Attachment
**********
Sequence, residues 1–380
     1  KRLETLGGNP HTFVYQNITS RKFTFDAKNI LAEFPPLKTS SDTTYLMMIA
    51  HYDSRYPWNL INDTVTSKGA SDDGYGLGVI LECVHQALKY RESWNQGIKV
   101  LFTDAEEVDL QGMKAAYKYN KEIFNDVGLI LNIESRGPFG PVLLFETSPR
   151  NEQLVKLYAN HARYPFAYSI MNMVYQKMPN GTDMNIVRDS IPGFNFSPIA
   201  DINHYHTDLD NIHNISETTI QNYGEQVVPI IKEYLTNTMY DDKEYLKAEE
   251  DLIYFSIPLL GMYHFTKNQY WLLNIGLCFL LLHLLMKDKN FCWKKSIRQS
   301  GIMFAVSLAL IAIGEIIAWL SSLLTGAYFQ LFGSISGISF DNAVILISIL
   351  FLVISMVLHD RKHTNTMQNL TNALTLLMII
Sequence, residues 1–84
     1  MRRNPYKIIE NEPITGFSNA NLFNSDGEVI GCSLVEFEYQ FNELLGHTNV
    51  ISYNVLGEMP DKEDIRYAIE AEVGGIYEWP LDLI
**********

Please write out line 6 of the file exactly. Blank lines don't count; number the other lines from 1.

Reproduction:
   201  DINHYHTDLD NIHNISETTI QNYGEQVVPI IKEYLTNTMY DDKEYLKAEE